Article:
On King Charles III, Hamilton, and Australian audiences cutting down tall poppies

On the opening night of the UK’s Almeida production of King Charles III in Sydney, a uniquely Australian reaction rippled through the audience. “It’s Will and Kate,” said a character, and laughter erupted from the crowd, the laughter of anticipation.  The very act of introducing the young royals on stage seemed to signal one thing only – an upcoming skewering, a thorough take-down.

In Sydney, King Charles III became a comedy. Under the same curious and confident direction by Rupert Goold as it was overseas, (with Whitney Mosery overseeing the local production) the play was read by many in the theatre-literate audience as a lukewarm satire of ineffectual and outmoded institutions.

King Charles III. By Richard Hubert-Smith
King Charles III. By Richard Hubert-Smith

And of course it did. This is Sydney, the home of The Wharf Revue, a 16-year long sketch comedy tradition that pokes merciless fun at government, policymakers, and talking heads. We don’t grant our politicians any respect on stage. If they are elevated above us, framed by a proscenium, we’ve taught ourselves to expect these proverbial tall poppies to be soundly cut down as the public screams for their destruction.

We don’t want to take our leaders any more seriously than we absolutely have to.

We’re a country of How Green Was my Cactus and Keating!, of Mad as Hell and “Howard DJs like a mad c**t.” There’s no space in this cultural appetite to give any consideration to the elevated problems of the monarchy; if Charles is struggling with reigning and Harry finds his privilege unbearable, as they do in this play, isn’t that just hilarious?

I first saw King Charles III in New York City last November, another Almeida replica production, featuring the original UK cast. There, the audience sat reverent; when a familiarly-coiffed ghost appears with a riddle of a prediction, the audience was hushed, electric, riveted to the stage. At home? Gales of laughter. It’s indicative of a broader trend, a different tone of respect present there that we don’t really bother to cultivate here.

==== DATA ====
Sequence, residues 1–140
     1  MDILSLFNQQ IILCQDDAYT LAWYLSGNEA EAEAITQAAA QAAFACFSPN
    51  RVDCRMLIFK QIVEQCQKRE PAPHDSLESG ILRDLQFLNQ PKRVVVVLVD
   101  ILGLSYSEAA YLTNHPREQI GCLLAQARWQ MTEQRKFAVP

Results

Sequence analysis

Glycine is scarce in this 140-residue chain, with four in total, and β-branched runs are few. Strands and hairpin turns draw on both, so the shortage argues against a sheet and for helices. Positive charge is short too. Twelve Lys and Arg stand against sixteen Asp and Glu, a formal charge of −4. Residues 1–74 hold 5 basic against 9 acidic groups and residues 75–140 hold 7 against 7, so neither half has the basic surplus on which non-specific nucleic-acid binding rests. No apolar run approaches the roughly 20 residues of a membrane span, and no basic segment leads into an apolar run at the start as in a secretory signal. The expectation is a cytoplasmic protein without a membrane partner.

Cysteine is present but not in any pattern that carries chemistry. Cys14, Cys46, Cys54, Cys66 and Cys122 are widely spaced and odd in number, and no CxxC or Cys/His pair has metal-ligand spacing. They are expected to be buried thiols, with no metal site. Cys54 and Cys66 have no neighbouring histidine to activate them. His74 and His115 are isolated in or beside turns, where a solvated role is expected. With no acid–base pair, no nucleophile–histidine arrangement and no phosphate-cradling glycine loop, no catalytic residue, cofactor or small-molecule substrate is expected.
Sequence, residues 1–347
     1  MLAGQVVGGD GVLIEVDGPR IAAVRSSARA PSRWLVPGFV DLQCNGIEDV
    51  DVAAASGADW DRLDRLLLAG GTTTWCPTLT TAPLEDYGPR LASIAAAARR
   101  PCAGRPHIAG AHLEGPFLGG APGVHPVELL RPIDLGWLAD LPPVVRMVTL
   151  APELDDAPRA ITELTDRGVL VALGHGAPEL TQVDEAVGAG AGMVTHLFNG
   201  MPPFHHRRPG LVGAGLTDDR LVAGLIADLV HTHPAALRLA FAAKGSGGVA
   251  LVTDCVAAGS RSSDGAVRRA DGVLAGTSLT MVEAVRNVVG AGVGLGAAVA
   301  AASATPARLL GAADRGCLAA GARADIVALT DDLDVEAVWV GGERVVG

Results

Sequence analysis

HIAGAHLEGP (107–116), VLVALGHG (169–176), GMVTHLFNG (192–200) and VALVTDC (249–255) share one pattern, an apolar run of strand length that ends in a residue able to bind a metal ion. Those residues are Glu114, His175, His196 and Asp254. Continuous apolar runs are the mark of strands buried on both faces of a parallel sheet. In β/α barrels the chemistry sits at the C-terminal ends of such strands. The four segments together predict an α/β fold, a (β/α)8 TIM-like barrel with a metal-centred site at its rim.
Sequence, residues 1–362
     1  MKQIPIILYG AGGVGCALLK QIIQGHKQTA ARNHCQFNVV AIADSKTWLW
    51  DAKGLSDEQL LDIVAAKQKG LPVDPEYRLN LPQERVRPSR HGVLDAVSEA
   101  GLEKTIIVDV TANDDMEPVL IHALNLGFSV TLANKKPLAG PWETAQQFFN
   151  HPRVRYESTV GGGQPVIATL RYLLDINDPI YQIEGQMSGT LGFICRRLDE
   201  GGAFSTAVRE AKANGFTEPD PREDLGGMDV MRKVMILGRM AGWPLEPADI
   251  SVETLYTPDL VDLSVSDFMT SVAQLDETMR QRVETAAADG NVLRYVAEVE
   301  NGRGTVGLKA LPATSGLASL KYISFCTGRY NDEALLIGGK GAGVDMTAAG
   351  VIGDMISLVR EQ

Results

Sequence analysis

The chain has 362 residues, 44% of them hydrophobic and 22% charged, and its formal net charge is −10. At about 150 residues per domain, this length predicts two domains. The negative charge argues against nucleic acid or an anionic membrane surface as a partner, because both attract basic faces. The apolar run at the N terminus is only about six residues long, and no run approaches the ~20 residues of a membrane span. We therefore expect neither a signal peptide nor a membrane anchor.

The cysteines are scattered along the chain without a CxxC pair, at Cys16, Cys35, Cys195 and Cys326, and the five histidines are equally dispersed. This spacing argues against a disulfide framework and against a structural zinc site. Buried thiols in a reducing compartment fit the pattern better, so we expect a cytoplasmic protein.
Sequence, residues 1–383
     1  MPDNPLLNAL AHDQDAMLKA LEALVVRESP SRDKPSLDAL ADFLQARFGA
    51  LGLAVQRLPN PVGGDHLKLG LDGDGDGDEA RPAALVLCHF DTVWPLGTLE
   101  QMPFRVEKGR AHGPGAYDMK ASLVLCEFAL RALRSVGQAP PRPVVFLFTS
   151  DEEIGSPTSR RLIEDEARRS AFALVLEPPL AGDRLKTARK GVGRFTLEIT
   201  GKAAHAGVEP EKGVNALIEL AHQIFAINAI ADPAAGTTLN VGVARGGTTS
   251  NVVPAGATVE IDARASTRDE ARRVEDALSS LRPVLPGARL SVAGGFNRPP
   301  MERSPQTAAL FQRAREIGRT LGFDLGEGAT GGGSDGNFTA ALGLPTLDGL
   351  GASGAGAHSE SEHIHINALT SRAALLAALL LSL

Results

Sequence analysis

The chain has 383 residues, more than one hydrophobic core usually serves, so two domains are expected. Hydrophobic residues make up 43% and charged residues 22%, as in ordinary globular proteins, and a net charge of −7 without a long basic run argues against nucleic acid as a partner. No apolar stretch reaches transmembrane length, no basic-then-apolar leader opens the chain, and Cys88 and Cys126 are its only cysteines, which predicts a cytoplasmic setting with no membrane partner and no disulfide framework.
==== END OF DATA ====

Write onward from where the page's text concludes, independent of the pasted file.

One street over from King Charles III, a couple of nights later, I caught the new smash hit Hamilton, Lin-Manuel Miranda’s surprisingly conversant rap/R&B opera about the founding US Secretary of the Treasury. The show, despite its innovation in placing diverse bodies in a story of American history, still presents a glorious celebration of its founders; they are flawed but their ideals are generally considered honourable – indeed, the villain of the story, Aaron Burr, is considered such because he has no firm ideals – and it’s this earnestness, this obsession with the new gods at the head of state, that sits directly at odds with our national humour.

In Australia, we’d probably root for the guy, because he wasn’t so earnest about everything. In Australia, we’re generally singing about lawmakers to poke fun, not to restore a somewhat-forgotten legacy.

In Australia, we’re probably not going to write a gorgeous song filled with pretty touches of faith and worship that honors a politician’s great speech. We’re pretty good at mocking the speeches, at firing insults (without eloquence) in Question Time when someone starts to talk a little too fancy.

Hamilton is innovative and its score is exciting, but ultimately, in an American context, it’s quite safe.  There’s an idyllic nature to the story of creating the US government that is glaringly positive.

Have we ever been so glowing about our own ideals? Can we, when they’re built on our own genocide and suffering and mistakes and catastrophes and acts of horror? No wonder we ‘take the piss’; if we do that, we don’t have to look too closely at our flaws.

As an Australian audience member, Hamilton can make you cringe.

King Charles III. By Richard Hubert-Smith
King Charles III. By Richard Hubert-Smith